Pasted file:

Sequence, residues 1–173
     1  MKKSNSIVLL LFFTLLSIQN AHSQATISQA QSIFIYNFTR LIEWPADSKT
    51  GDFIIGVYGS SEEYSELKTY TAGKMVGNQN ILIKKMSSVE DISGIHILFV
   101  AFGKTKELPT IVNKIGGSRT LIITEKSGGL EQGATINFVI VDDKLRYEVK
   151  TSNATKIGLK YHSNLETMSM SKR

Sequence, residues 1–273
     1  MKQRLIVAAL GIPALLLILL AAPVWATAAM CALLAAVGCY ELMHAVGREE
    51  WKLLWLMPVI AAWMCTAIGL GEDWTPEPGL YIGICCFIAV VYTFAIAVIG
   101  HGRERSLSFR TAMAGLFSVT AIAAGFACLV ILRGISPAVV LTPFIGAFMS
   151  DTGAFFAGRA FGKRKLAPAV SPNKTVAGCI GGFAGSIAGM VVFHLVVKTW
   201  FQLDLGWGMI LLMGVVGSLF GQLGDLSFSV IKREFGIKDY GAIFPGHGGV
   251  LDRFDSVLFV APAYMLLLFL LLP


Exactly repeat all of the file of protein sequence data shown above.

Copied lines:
Sequence, residues 1–173
     1  MKKSNSIVLL LFFTLLSIQN AHSQATISQA QSIFIYNFTR LIEWPADSKT
    51  GDFIIGVYGS SEEYSELKTY TAGKMVGNQN ILIKKMSSVE DISGIHILFV
   101  AFGKTKELPT IVNKIGGSRT LIITEKSGGL EQGATINFVI VDDKLRYEVK
   151  TSNATKIGLK YHSNLETMSM SKR

Sequence, residues 1–273
     1  MKQRLIVAAL GIPALLLILL AAPVWATAAM CALLAAVGCY ELMHAVGREE
    51  WKLLWLMPVI AAWMCTAIGL GEDWTPEPGL YIGICCFIAV VYTFAIAVIG
   101  HGRERSLSFR TAMAGLFSVT AIAAGFACLV ILRGISPAVV LTPFIGAFMS
   151  DTGAFFAGRA FGKRKLAPAV SPNKTVAGCI GGFAGSIAGM VVFHLVVKTW
   201  FQLDLGWGMI LLMGVVGSLF GQLGDLSFSV IKREFGIKDY GAIFPGHGGV
   251  LDRFDSVLFV APAYMLLLFL LLP